The 9000 forage harvester series not only features a 24.2-litre V12 diesel engine from Liebherr in the three top models, but has also been completely trimmed for even higher throughput. The developers in Zweibrücken set themselves the goal of achieving a higher throughput per horsepower and at the same time reducing the specific fuel consumption per tonne of chopped material.
Like John Deere's own 13.5-litre six-cylinder engine with 625 hp installed in the "small" 9600 forage harvester, the Liebherr twelve-cylinder engine (Fig. 1) also complies with the current Euro IV or Tier 4final emissions standards. The specifications of the Euro V emission stage, which applies to engine outputs from 760 hp, are achieved with SCR catalytic converter and AdBlue injection. A special feature of the Liebherr engine is the design of all units and flow components for efficient operation at low engine speeds. This means a lower nominal speed of 1,800 min-1, sufficient torque reserves even below 1,400 min-1 and an efficiency concept that allows all machine sections to operate continuously at engine speeds of approx. 1,500 min-1. It should be obvious even to the layman that engine outputs close to the 1,000 hp limit also require a drive train that is stronger than that of the 8000 series and the construction of an appropriately designed main frame.
The 9700, 9800 and 9900 models have an 830 mm wide prepress channel with four prepress rollers that pass the crop as evenly as possible to the knife drum. The John Deere 9800 forage harvester used in the DLG test was equipped with a 12-row Kemper 490plus front attachment with a working width of 9 m and six large intake drums. The knife drum was fitted with 64 knives, covering a range of theoretical chop lengths from 3-14 mm. If half the set of knives is removed, it is possible to chop up to 28 mm. The grain processor, which was also newly developed, ensures that the grains are broken down reliably with a gap width of 2 mm.
Forage harvesters are usually tested in the field by the DLG in the individual criteria "Functional test in maize" or "Functional test in grass" and, if they pass the test successfully, they are DLG APPROVED in these criteria. The functional test carried out with the John Deere shredder includes measurements of throughput, consumption - specified as specific consumption per tonne of harvested material - and technical shredding quality. The measurements must be carried out in at least two different dry matter content layers (DM content layers, here 27 % to 32 % DM and 37 % to 43 % DM) on selected silage maize fields that are as homogeneous as possible. In addition, different test variants are carried out at standard driving speeds and chop length settings, in this case 4 mm, 7 mm and 12 mm. The basic setting of the forage harvester is adapted to the respective harvesting conditions on site in the DLG functional test. The tests to determine throughput and fuel consumption were carried out in northern Italy in southern Lombardy, a typical high-yield region, in order to be able to exploit the performance potential of the forage harvester as far as possible. During the measurements in Italy, the dry matter contents of the stands were between 31.4 % and 37.6 %. These were determined with the NIR sensor of the forage harvester and for control in the DLG laboratory. The growth heights varied in the trial from 2.90 m to 3.70 m.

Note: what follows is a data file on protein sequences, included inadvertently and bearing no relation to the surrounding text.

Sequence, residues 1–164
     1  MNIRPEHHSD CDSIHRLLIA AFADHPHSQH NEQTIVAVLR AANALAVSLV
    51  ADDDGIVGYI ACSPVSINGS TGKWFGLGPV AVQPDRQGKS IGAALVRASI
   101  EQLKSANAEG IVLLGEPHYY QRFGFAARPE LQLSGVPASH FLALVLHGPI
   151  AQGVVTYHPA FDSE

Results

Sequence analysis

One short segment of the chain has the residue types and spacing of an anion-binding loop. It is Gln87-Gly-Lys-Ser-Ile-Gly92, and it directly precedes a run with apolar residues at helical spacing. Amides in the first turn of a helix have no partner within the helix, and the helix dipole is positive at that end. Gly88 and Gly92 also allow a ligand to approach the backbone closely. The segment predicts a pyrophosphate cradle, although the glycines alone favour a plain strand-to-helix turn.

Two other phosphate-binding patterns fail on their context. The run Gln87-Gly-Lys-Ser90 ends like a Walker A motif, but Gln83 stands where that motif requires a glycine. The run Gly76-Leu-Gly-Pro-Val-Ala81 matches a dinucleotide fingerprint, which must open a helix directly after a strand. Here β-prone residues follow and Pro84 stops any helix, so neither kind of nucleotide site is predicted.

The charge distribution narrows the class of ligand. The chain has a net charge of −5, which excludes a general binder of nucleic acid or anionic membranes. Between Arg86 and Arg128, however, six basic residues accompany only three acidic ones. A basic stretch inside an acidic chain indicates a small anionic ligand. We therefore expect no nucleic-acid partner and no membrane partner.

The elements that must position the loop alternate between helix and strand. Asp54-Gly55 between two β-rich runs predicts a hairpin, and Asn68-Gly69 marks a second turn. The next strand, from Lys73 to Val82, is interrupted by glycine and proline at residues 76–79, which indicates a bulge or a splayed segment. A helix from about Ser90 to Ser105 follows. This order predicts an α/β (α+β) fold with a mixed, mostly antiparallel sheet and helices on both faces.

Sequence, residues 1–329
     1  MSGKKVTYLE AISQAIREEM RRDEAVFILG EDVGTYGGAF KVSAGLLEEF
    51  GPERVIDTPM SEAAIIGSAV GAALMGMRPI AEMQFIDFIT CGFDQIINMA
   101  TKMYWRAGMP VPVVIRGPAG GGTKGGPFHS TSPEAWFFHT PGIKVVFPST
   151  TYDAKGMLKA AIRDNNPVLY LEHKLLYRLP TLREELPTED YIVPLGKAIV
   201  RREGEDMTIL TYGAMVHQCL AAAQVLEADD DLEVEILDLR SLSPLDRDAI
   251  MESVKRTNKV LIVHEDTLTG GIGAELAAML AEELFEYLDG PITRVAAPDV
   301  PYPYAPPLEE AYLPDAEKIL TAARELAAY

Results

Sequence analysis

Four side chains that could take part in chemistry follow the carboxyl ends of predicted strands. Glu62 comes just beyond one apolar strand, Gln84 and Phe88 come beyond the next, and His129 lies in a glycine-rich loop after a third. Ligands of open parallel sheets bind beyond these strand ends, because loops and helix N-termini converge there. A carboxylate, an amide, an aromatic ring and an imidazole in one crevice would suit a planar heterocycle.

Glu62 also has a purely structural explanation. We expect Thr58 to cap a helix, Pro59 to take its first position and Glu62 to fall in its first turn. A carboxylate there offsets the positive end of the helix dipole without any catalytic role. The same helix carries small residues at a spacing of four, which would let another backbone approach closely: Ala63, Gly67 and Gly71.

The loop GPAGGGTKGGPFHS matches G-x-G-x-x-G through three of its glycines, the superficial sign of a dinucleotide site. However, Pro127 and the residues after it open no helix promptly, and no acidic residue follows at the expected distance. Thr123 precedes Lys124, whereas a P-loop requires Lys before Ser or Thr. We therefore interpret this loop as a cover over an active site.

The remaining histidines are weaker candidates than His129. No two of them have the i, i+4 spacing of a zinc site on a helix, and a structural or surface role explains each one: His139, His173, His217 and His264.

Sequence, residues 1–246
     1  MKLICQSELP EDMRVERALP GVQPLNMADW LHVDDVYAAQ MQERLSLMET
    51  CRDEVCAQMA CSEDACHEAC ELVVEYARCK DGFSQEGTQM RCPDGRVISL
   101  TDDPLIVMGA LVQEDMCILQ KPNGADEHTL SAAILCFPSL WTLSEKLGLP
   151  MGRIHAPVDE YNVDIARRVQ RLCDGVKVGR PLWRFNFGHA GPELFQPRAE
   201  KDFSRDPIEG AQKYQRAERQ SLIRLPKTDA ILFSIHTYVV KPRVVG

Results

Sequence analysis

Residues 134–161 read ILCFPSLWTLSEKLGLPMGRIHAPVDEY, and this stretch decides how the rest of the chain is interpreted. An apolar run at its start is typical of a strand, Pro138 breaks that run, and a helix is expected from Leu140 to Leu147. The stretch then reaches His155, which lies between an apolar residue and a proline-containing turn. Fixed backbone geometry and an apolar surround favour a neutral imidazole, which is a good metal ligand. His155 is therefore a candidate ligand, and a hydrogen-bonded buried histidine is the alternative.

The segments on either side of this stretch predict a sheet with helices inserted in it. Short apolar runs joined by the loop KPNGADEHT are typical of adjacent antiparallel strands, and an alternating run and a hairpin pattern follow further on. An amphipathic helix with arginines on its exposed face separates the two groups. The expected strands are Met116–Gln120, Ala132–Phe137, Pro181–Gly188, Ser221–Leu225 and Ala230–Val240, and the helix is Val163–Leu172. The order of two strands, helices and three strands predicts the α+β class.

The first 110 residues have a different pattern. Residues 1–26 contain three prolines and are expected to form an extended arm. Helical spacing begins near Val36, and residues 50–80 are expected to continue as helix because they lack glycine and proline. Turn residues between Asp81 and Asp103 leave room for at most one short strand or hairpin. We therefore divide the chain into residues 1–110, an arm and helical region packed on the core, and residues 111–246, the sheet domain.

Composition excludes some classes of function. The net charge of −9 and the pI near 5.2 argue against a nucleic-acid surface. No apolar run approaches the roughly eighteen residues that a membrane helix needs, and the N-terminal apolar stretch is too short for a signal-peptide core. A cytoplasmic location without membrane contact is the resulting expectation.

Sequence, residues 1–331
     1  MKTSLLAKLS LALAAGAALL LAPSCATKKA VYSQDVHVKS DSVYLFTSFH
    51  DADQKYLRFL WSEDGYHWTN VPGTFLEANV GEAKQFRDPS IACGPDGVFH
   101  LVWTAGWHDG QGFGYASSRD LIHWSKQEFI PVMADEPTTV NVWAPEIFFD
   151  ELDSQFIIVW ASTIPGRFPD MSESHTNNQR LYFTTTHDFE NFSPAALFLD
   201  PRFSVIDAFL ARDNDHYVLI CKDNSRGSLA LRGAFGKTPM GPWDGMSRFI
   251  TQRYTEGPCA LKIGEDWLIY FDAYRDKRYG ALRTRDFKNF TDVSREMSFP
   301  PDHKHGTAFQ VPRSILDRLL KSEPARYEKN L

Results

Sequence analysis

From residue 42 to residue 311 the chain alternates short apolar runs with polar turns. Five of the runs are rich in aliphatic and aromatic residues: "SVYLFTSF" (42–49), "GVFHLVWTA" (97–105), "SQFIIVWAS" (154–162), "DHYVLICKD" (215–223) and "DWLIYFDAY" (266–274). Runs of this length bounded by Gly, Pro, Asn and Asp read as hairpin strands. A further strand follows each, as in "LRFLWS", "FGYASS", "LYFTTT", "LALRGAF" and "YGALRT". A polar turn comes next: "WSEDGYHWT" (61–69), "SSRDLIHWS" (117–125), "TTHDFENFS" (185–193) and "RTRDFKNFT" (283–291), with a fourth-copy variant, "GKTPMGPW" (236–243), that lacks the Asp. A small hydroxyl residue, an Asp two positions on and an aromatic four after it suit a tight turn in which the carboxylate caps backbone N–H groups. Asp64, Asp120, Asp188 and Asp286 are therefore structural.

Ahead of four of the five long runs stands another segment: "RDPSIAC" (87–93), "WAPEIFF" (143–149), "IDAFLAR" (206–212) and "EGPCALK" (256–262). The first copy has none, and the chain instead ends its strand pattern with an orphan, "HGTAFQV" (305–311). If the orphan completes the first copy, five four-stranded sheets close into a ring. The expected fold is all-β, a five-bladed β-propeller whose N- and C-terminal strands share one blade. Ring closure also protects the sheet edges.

Under the harvesting conditions on site, high throughputs of up to 328 t/h were achieved at a theoretical chop length of 12 mm - with a low specific consumption of around 0.45 l diesel per tonne of crop. The graphs give an overview of throughput rates and specific consumption at different chop lengths.
With a preselected theoretical chop length of 4 mm, almost 60 % by weight is found in the two screen fractions > 3 mm and > 5 mm. This result shifts in the desired direction with longer preselected chop lengths. Comparatively high weight fractions were found for the fines (< 3 mm) in both dry matter content layers. The reason for this could have been that the stands were frozen before the test runs, which can lead to an increased tendency to crumble. Across all chop length presettings, very good and good grain preparation levels were achieved compared to literature data.
The tested forage harvester JD 9800 achieved comparatively high throughputs in the DLG test. It demonstrated its high performance potential under the test conditions and was able to convince with its low specific fuel consumption. Further detailed results can be found in the test report on
It is available free of charge on the DLG website.